Proofread and Edit Out Fluff Now it's time to proofread and edit. Examples of Creative Writing At its core, creative writing is a form of entertainment. Poetry Example Poems provide great examples of creative writing.

If seven maids with seven mops Swept it for half a year, Do you suppose,' the Walrus said, That they could get it clear? Short Story Example Short stories can be narrative, funny, mysterious, satirical, fantasy, or historical. Novel Example Novels are certainly creative. Story Starters for Creative Writing Creative writing exercises can help jumpstart your imagination. Start your own creative writing with one of these prompts: You're sitting at your desk staring blankly at the computer screen.

Creative Writing for Life Creative writing is whatever you want it to be, so long as it's not a completely factual story. Michele Meleen M. Counselor Education. Related Articles.

600+ Words to Describe Smiles: A Word List for Writers

Pleading : seeking apology or assistance Pouting : see sullen Quizzical : questioning or confused Radiant : bright, happy Roguish : see mischievous Sanguine : bloodthirsty, confident Sardonic : mocking Scornful : contemptuous or mocking Scowling : displeased or threatening Searching : curious or suspicious Set : see fixed Shamefaced : ashamed or bashful Slack-jawed : dumbfounded or surprised Sly : cunning; see also furtive and mischievous Snarling : surly Sneering : see scornful Somber : see grave Sour : unpleasant Stolid : inexpressive Straight-faced : see deadpan Sulky : see sullen Sullen : resentful Taunting : see jeering Taut : high-strung Tense : see taut Tight : see pained and taut Unblinking : see fixed Vacant : blank or stupid looking Veiled : see inscrutable Wan : pale, sickly; see also faint Wary : cautious or cunning Wide eyed : frightened or surprised Wild eyed : excited, frightened, or stressful Wistful : yearning or sadly thoughtful Withering : devastating; see also wrathful Woeful : full of grief or lamentation Wolfish : see leering and mischievous Wrathful : indignant or vengeful Wry : twisted or crooked to express cleverness or a dark or ironic feeling.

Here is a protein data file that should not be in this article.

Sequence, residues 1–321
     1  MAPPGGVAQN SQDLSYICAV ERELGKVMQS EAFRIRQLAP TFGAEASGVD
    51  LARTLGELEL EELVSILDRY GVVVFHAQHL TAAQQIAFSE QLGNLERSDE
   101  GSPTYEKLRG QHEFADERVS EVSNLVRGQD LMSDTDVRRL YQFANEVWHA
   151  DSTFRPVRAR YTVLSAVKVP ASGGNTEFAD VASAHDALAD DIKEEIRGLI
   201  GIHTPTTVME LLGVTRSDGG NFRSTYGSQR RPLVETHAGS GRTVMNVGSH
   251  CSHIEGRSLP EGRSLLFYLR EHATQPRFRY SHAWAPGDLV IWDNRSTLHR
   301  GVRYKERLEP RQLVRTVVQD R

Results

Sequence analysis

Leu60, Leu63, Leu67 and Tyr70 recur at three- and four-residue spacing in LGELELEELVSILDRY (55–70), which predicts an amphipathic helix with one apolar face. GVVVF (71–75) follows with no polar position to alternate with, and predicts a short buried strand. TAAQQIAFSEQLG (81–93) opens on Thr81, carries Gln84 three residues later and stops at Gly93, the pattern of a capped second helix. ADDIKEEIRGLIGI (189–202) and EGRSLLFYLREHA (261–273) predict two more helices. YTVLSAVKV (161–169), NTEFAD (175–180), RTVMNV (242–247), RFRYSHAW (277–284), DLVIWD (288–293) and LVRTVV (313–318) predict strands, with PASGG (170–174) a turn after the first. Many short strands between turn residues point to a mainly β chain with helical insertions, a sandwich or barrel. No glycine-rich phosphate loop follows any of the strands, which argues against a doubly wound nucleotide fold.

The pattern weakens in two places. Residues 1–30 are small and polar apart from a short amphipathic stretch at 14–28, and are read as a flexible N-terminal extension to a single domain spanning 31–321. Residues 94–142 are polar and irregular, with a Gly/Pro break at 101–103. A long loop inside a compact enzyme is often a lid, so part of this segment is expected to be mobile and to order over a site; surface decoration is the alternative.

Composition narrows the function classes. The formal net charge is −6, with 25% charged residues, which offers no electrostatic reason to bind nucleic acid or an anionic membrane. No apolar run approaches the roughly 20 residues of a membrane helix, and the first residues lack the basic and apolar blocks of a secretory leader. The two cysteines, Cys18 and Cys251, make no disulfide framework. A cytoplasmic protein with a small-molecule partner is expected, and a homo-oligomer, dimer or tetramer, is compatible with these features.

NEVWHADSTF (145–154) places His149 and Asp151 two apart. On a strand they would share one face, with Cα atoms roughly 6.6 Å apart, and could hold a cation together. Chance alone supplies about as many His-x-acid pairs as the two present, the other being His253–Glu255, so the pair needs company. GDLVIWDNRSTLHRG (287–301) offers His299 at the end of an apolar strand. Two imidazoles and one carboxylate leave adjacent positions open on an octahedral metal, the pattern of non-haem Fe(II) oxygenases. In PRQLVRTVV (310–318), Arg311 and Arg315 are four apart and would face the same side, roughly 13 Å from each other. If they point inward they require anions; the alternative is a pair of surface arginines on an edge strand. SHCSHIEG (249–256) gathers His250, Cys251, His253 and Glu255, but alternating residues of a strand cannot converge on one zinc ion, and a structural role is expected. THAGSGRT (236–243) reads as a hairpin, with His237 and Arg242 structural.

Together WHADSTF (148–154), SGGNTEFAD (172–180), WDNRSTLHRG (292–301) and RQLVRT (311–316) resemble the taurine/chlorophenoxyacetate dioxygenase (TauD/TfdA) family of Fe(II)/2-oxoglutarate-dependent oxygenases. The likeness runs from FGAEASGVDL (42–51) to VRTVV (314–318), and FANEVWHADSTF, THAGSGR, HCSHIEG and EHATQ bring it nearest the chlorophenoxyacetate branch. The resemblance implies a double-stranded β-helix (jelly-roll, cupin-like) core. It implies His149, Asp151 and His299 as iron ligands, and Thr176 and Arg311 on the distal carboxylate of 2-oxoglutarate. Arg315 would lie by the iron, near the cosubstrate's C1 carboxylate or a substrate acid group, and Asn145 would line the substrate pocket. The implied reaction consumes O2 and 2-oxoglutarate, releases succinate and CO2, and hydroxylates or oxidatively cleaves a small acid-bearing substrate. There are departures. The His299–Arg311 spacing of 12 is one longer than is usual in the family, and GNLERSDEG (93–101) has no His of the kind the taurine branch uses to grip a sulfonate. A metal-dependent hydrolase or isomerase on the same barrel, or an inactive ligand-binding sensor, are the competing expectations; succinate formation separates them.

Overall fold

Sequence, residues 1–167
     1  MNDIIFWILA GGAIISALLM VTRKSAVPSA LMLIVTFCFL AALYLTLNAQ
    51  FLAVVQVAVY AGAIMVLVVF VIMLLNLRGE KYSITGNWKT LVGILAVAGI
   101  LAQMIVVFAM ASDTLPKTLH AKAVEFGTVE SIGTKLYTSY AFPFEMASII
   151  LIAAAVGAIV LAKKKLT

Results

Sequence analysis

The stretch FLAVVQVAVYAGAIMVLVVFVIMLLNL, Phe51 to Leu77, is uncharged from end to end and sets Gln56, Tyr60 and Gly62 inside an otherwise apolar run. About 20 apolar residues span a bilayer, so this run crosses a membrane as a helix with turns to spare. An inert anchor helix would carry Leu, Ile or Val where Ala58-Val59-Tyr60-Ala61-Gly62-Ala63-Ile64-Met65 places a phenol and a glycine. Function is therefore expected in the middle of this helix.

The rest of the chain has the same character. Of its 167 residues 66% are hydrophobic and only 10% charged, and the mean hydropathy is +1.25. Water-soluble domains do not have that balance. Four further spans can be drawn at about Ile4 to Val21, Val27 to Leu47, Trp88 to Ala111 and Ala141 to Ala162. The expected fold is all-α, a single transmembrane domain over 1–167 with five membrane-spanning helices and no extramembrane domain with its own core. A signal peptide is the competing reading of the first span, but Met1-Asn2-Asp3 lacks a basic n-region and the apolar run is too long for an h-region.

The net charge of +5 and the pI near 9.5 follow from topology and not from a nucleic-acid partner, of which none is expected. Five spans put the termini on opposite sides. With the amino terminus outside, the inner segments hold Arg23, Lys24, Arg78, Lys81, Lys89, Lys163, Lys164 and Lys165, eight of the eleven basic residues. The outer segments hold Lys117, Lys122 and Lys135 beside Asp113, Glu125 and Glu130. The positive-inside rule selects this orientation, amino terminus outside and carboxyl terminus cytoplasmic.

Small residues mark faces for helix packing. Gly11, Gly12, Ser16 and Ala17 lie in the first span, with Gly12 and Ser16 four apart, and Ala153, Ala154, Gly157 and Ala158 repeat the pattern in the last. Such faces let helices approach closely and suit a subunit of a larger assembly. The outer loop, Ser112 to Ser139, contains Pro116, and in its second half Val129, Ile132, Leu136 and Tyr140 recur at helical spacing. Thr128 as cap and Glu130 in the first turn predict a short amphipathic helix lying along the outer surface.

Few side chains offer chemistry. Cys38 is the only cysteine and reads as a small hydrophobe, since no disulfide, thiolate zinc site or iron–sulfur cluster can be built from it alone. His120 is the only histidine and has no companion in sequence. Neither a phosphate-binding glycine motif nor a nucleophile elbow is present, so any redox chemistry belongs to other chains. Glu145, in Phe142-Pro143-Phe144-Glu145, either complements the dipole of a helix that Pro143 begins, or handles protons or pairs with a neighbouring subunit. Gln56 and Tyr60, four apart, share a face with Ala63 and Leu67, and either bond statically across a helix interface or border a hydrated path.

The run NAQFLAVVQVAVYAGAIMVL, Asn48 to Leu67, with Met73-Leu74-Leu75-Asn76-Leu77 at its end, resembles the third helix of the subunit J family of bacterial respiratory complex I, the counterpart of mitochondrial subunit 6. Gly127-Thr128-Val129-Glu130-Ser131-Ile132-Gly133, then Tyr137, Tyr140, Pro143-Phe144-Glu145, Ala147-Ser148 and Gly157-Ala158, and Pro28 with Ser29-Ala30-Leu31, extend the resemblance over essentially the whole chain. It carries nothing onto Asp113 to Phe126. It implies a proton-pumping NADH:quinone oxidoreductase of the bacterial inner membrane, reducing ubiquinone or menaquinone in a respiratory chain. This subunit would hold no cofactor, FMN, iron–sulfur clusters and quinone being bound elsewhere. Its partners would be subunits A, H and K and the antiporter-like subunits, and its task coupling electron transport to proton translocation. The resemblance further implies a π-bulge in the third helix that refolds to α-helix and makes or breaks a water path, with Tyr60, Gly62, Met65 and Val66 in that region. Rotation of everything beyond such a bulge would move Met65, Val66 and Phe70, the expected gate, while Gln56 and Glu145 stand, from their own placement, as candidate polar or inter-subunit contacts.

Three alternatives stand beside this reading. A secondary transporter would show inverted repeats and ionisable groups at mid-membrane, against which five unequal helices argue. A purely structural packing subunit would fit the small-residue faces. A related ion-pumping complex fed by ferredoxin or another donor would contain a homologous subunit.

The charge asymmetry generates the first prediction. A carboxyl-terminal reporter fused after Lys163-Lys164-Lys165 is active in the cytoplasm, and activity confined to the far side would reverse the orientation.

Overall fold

Want to improve your English in five minutes a day? Get a subscription and start receiving our writing tips and exercises daily! I loved this post! Its a good tuition. Could you please tell those words that spell the kind of smells are there in the vocabulary? The problem there is that you can get outlandish. As for smells, Francisco, smells can be fresh, smoky, rotten, searing, and sulfuric. I am surprised that one piece of FACE can wear so many expressions, including expressionless face!

This is a great list! I have never even heard half of these words spoken out loud before! Fun read, though…. What a great list. Thanks for sharing. For a change of pace, I try to use descriptions, e.

CL Manges, how is saying his eyebrows arched or she pressed her lips together make anything any better. IMO using these words in a subtle manner that flows with the writers style could paint a picture for the audience. However if a word stands out, or if the narrator would not use the word then slash it. Sometimes simple is better. One of my readers, though, is stickler for the strictest form of showing not telling.

What does a wry expression LOOK like? Problem is, these basic descriptions of mouth, eye and eyebrow position start to sound repetitive after a while like those hyperactive eyebrows someone mentioned upthread. And of course, raised eyebrows can indicate surprise, alarm, skepticism etc. A twitching cheek can indicate anger, worry etc. Context can help some of the time, but not always. Thank you for this list. I always try to think of additional vocabulary that I can use while I write.

This list has made a huge difference for me recently. Thanks for this excellent list. By dabbling with all sorts of lists like this one , we can add variety to our writing. And if everything was show, the book would be twice as long, and the story would drag. Thanks for the list! I just start writing and need all these kind of words to memorize in my brain.

Also, concentrating focused , questioning, interested, overwhelmed. I imagine cartoonists have already figured these things out. Stop making those embarrassing mistakes! Subscribe to Daily Writing Tips today! You will improve your English in only 5 minutes per day, guaranteed! You'll also get three bonus ebooks completely free! Explore more meanings. Words used to describe speech style Words used to describe language Using few words in speech or writing. About Authors Partners Options Tools.

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List of Descriptive Words: Adjectives, Adverbs and Gerunds

Another word for creative. Find more ways to say creative, along with related words, antonyms and example phrases at helpmeessay.online, the world's most trusted free thesaurus. Jul 27, - Explore Michelle Mi-Belle's board "Writing & Words", followed by people on Pinterest. See more ideas about Words, Writing words, WritingK pins. Browse essays about Creative Writing and find inspiration. Learn by example and become a better writer with Kibin’s suite of essay help services. It looks like you've lost connection to our server.